Google lowers Nexus One return fee - but is it enough?

Google lowers Nexus One return fee - but is it enough?

Summary: Google lowers its fee on Nexus One returns but it won't be enough to change the perceptions of dual fees.

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Google has dropped its "equipment recovery fee" for the Nexus One smartphone from $350 down to $150, a move that follows a government inquiry into the fees that are imposed on consumers who break their wireless contracts early, according to a Wall Street Journal report.

That's nice - but I don't think it changes anything about the perceptions surrounding those fees.

The fact is that consumers still face two separate fees. Google imposes one fee - now $150. And T-Mobile charges a $200 for breaking its service contract early. In a post last month, I argued that Google really should stick to making the Android technology better and leave the retail sales - and support - of this device to a carrier partner. I still think that's true.

From an accounting standpoint, the fees make perfect sense. They're in place to ensure that customers stick around long enough to essentially pay back - by staying on the customer roll for at least two years - the subsidy that allowed them to buy an expensive device at a discounted price.

But Google is going to stifle the adoption of devices running the Android OS - and that's a shame because has a real winner here. If anything is going to challenge the mighty iPhone and keep Apple on its innovative toes, it's going to be Android.

Yet, if consumers starting getting wind of this double-whammy on early termination fees, there's a big chance that they'll go another route when it comes time to buy, maybe Palm or Blackberry or, yes, even the iPhone.

I spent a month playing with the Nexus One and I had been really excited about getting one on Verizon when it's released this Spring. But, now I'm thinking twice. If there were an option, I'd go directly to Verizon to buy this phone and re-up on my service contract. But if I'm forced to go to Google's Web site to do this, it just might be enough to force me to rethink the purchase altogether.

Topics: CXO, Banking, Enterprise Software, Google, Hardware, Mobility, Smartphones, IT Employment

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7 comments
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  • Im excited for Nexus one..

    but all bets are off if I cant buy it directly from Verizon. I think the "option" is nice - but google shouldnt be strong arming the carriers. However the "extra" fees mean nothing to me because well, they only get them if you break your contract without clause. Can anyone verify if you break for "Material Adverse affect" (thus the carrier waiving the ETF) is that waived as well?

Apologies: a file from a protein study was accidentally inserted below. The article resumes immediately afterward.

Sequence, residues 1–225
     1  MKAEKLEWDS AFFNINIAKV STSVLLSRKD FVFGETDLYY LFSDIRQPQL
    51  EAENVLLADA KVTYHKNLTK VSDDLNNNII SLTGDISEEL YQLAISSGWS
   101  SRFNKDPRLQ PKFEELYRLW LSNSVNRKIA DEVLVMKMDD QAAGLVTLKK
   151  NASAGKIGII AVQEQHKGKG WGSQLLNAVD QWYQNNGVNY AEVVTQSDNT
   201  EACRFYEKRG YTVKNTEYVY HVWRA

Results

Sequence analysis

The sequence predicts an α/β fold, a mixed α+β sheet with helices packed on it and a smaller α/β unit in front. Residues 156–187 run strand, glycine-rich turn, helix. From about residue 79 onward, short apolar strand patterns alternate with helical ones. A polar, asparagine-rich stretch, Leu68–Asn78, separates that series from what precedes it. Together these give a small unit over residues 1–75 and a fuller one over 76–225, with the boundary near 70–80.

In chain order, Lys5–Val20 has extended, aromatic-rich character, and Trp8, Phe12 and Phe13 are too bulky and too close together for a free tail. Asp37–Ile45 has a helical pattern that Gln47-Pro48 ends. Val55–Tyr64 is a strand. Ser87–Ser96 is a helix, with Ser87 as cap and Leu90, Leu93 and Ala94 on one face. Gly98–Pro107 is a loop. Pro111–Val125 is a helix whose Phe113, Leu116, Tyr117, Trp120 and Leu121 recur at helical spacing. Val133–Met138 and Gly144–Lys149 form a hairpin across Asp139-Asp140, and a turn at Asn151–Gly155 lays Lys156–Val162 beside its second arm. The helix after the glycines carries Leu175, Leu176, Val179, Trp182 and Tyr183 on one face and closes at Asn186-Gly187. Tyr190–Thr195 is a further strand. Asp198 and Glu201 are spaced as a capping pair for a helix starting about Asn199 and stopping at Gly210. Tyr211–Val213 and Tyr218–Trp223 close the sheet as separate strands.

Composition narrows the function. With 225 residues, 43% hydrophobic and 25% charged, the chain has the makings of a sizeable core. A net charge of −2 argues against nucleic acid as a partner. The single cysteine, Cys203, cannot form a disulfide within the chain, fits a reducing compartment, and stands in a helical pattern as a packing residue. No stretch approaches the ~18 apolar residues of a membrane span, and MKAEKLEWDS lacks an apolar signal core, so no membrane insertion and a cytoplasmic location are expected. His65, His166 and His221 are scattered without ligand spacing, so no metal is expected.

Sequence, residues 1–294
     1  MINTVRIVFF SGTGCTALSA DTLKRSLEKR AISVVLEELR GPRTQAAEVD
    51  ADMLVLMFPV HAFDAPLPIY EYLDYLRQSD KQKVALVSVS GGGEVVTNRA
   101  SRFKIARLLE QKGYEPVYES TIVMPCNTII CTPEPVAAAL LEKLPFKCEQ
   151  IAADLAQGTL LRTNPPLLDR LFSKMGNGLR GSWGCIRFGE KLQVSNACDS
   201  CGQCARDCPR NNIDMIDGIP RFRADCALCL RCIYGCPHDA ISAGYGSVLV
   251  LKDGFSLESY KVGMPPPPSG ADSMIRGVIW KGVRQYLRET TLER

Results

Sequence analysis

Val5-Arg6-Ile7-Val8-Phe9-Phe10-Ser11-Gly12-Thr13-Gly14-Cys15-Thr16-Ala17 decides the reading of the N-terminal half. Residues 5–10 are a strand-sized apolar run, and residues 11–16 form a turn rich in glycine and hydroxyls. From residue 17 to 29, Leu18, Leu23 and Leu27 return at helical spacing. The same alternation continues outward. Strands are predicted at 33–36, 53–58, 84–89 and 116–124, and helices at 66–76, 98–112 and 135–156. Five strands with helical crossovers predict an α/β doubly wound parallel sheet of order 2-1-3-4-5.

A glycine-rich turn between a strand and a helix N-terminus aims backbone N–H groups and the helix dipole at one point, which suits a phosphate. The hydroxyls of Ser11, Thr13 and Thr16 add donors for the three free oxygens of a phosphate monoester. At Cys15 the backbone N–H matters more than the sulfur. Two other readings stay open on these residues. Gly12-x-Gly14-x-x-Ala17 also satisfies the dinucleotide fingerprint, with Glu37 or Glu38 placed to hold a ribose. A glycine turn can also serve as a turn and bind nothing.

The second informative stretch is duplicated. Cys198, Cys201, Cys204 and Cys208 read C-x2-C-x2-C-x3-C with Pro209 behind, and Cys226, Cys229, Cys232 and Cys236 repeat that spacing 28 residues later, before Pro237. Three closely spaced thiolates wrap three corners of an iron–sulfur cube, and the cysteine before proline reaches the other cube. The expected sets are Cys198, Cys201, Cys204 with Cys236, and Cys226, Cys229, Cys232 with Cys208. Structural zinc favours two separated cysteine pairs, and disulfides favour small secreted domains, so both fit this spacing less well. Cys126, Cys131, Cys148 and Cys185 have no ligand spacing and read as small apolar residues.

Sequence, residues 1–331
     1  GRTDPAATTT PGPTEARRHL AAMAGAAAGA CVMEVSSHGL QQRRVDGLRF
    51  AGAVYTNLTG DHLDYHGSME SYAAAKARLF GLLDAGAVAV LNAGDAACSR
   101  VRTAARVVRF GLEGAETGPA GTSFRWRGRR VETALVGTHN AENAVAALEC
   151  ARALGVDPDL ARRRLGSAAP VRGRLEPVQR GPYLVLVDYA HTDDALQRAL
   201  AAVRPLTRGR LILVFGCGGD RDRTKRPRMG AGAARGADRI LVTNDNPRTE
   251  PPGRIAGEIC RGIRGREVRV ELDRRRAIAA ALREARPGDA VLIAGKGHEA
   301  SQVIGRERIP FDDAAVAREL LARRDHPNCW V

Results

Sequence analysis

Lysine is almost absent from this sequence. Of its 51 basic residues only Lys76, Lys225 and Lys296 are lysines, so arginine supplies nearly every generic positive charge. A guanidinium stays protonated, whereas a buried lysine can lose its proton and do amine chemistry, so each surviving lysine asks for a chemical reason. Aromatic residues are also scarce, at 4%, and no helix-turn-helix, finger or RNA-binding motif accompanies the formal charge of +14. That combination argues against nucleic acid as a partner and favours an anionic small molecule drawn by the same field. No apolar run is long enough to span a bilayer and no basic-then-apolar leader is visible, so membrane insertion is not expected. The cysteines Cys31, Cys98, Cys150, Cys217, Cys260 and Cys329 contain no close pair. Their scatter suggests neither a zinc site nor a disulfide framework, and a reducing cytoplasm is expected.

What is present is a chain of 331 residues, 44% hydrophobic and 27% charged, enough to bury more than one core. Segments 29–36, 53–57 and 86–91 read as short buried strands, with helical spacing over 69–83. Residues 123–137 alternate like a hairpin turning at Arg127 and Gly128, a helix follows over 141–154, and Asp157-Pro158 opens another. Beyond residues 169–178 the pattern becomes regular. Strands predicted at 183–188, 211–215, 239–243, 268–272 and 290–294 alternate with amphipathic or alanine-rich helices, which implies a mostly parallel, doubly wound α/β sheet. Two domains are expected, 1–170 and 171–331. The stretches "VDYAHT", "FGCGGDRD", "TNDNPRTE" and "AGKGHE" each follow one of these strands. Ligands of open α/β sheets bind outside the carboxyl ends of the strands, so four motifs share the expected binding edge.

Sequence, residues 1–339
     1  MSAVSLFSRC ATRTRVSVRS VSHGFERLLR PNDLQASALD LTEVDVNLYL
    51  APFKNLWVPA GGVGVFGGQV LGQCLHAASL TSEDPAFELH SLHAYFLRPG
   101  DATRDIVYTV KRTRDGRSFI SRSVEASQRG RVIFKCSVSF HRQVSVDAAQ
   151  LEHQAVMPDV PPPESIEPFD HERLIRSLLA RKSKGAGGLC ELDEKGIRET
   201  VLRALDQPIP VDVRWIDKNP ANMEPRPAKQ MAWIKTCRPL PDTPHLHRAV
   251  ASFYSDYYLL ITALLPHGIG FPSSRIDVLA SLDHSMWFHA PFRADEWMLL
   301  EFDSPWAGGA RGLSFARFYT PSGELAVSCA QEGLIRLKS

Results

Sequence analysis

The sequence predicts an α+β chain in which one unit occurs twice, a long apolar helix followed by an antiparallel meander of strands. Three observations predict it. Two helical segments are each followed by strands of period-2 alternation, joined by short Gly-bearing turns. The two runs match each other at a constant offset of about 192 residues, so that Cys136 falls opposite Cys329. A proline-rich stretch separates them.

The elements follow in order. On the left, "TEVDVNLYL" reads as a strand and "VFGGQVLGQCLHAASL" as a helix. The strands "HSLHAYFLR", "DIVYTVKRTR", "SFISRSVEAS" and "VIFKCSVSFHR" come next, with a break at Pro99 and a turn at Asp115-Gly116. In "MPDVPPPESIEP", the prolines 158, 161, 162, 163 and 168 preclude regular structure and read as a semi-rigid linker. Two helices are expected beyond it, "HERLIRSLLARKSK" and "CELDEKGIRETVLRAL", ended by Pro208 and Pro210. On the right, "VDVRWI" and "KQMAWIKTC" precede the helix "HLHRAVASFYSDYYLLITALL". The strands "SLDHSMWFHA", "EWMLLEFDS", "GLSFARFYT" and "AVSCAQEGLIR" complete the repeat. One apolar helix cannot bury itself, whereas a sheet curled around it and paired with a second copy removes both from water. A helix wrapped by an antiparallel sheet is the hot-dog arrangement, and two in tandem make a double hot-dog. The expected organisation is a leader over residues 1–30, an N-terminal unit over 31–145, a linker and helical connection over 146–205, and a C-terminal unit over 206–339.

JT82
    • Good luck...

      Well, if you can break a contract with Verizon *and* Google on your *own* terms, your a better Man than me, Charlie Brown.
      micheldufrenoy@...
      • Its not my *own* terms, its the carriers CA

        "Material Adverse Affect" is written into the Customer agreement and allows a consumer to terminate their wireless service if they experience this without penalty of an ETF.
        JT82
  • Owellian communism should not spread

    Don't buy them.
    sadly2010
  • Making things complicated for the user is bad

    That was one of the secrets of success for the iPhone, vertical integration and one-stop shopping. Google has made SEVERAL key business mistakes on Android, probably the worst one was that they never hired anybody from the telecom industry who knew what they were doing. Or if they did, senior management never listened to them, which is even worse.
    terry flores
  • RE: Google lowers Nexus One return fee - but is it enough?

    I can see this: [b]From an accounting standpoint, the fees make perfect sense. They?re in place to ensure that customers stick around long enough to essentially pay back - by staying on the customer roll for at least two years - the subsidy that allowed them to buy an expensive device at a discounted price.[/b] from the CARRIER's point of view... NOT from the mobile OS developer though. There is NO other mobile OS developer that charges an ETF... if I had ended my contract with Sprint early (using a WM device) Microsoft would not have charged an ETF, if I terminate my contract with VZW (on my Blackberry Curve) early, RIM won't be getting any ETF money, and if I decide to drop my AT&T plan (with my iPhone 3G) and go elsewhere Apple won't see a penny from an ETF. Why should Google be able to charge an ETF? Sure do no evil unless someone decides the Nexus one is not for them, then rape their wallet. Yeah, and people call Apple money hungry... Unless and until Google stops that practice, I'll never buy an Android based phone.
    athynz
  • Buy the phone and service separately

    Google's model makes more sense if you buy the phone and service separately. What's sometimes missed is that this is also the less expensive route: If you pay full price for the phone you can get service for $20/month less. Over the course of two years that's less expensive, and involves no return fees.
    Spatha